Over the years, I needed to make that same clarification to many different audiences, from students to colleagues, to scholars, in relaxed chats or sophisticated conferences. Most importantly, I needed to recall those two points to myself once and again: LGBTIQ+ refugees exist and believe. For us, who are sitting comfortably in our homes or offices, writing papers or designing aid programs on our laptops, inhabiting the ivory towers of the academic world and advocacy networks, and walking without fear across the streets of our cities, it is hard to get rid of the Western beliefs that sets the problems of religion and LGBTIQ+ refugees outside of the borders of our “civilized” (part of the) world. Such thoughts depict a binary conception of religion when intersecting with SOGI and forced migration issues. I believe that such binary Western imagination is a threat because it oversimplifies the multifaceted roles of religion and, consequently, place religion in the apparently irreconcilable extremes of binarism.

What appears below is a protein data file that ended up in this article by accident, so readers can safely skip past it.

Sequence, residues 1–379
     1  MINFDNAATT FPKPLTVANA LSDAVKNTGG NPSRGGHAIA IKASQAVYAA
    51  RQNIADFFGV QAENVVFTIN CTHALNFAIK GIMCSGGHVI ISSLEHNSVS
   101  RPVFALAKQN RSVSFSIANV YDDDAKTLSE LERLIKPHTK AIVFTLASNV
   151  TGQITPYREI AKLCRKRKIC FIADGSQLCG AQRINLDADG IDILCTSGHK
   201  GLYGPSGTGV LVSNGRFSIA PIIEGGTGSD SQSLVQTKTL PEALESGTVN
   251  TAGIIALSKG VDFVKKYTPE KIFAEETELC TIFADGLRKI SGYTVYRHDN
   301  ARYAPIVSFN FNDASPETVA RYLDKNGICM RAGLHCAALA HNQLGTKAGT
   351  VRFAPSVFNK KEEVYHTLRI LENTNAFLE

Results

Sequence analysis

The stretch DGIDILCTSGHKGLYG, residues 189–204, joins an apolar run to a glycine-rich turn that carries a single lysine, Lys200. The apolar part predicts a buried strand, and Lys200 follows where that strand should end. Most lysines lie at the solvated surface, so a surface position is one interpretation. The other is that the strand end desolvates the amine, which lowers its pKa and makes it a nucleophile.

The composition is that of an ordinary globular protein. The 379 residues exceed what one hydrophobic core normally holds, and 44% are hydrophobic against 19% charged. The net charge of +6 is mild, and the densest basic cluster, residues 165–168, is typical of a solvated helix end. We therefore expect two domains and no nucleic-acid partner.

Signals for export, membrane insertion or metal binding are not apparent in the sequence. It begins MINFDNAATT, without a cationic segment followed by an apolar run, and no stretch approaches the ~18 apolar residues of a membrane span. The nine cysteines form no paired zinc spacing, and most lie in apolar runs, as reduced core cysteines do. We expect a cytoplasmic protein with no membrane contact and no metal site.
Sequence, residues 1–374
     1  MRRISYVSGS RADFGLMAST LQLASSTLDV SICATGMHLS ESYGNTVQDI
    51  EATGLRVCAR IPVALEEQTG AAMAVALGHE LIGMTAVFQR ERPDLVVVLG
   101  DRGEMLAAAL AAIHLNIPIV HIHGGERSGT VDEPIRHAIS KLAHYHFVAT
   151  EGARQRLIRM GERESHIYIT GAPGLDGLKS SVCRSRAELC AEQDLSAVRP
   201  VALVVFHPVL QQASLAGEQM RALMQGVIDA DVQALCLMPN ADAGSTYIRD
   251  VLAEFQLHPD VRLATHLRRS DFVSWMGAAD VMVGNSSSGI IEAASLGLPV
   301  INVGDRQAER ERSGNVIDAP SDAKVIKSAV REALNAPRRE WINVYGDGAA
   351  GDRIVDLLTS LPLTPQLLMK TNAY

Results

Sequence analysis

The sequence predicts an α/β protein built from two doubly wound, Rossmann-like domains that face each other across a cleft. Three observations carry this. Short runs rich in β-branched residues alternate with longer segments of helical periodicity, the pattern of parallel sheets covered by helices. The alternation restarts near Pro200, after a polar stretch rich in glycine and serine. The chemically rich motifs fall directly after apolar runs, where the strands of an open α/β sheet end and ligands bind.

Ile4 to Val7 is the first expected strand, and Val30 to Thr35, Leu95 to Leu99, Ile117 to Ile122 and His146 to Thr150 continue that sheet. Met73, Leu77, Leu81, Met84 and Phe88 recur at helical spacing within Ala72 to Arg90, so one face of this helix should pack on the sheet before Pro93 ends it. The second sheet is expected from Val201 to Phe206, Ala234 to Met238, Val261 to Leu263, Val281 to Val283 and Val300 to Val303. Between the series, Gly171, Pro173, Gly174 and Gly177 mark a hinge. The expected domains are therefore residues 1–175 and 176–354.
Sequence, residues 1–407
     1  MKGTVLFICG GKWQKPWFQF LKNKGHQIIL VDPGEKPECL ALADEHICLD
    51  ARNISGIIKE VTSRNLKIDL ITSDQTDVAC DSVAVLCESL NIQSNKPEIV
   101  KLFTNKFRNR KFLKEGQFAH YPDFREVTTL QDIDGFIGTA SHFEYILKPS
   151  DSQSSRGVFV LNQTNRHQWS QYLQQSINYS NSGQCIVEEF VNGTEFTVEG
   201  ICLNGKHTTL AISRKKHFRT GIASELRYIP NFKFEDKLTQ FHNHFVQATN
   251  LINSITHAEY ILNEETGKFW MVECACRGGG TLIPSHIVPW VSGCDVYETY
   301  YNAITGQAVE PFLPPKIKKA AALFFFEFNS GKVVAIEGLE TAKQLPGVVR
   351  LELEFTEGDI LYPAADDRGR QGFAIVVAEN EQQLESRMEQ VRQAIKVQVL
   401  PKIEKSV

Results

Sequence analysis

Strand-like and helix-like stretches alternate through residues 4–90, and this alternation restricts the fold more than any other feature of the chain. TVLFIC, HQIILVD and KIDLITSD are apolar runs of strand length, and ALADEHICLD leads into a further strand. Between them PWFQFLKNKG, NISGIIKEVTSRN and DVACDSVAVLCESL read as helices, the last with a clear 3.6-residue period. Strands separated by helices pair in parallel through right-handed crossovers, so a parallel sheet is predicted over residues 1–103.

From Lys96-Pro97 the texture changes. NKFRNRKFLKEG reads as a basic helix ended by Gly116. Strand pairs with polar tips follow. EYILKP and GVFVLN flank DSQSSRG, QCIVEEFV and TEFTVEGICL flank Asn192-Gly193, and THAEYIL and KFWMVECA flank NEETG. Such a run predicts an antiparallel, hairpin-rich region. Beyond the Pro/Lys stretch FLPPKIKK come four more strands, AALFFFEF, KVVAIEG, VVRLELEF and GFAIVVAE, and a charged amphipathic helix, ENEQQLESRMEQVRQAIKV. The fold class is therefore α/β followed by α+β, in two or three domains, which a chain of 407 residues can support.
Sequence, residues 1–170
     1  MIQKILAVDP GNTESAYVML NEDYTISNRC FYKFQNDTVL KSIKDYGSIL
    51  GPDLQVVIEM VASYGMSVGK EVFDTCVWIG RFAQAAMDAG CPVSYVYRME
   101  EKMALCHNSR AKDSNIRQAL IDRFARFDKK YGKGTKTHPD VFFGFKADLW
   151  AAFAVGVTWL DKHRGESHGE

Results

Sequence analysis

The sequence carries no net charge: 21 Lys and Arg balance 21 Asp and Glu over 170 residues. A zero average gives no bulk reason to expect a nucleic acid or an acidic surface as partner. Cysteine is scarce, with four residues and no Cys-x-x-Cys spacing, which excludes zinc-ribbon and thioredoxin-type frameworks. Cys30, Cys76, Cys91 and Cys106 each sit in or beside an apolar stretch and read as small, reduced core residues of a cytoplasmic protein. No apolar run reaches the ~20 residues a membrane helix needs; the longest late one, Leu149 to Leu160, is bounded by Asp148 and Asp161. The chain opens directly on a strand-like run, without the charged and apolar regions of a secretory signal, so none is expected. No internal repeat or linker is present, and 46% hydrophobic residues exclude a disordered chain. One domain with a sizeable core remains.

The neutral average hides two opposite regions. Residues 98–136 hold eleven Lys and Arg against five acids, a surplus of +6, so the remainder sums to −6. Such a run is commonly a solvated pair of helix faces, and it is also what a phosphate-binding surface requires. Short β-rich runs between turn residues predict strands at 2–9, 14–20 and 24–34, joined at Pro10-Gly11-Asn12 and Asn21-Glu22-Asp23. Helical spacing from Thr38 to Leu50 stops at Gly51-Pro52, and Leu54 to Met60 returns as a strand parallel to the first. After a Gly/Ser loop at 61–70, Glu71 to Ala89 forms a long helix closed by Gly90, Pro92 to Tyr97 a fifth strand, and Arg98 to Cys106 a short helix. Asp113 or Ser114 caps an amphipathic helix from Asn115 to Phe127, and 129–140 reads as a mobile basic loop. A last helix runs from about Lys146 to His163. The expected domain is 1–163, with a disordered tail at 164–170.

On the one hand, religion is at the base of the severe conditions that compel LGBTIQ+ refugees to flee their homes in order to save their lives. While the tragic fact remains that more than 70 countries criminalize members of the LGBTIQ+ community based on laws grounded in religious values, it is necessary to highlight that countries with progressive laws on SOGI issues often experience a gap between legislation and the violent reality that the LGBTIQ+ community suffers, and religion is among the factors that lead to the increasing number of SOGI-based asylum seekers. In the case of Latin America, for example, together with actions and discourse of governments such as that of Jair Bolsonaro in Brazil, the rise of “radical” Christianisms has created an adverse and increasingly dangerous place for LGBTIQ+ individuals. These religious groups are gaining more and more ground among the population and in media discussions. They have championed the fight against “gender ideology,” an umbrella term that involves much of human rights advances. Similarly, in Europe, far-right discourses with religious connotations have risen against LGBTIQ+ refugees. The Prime Minister of Hungary, Viktor Orban, illustrates this perfectly. His group’s position can be synthesized with the phrase of Laszlo Toroczkai, the leader of the Our Home Movement political party: “Neither Muslims nor gays. The Hungarian people want to be white and Christian.”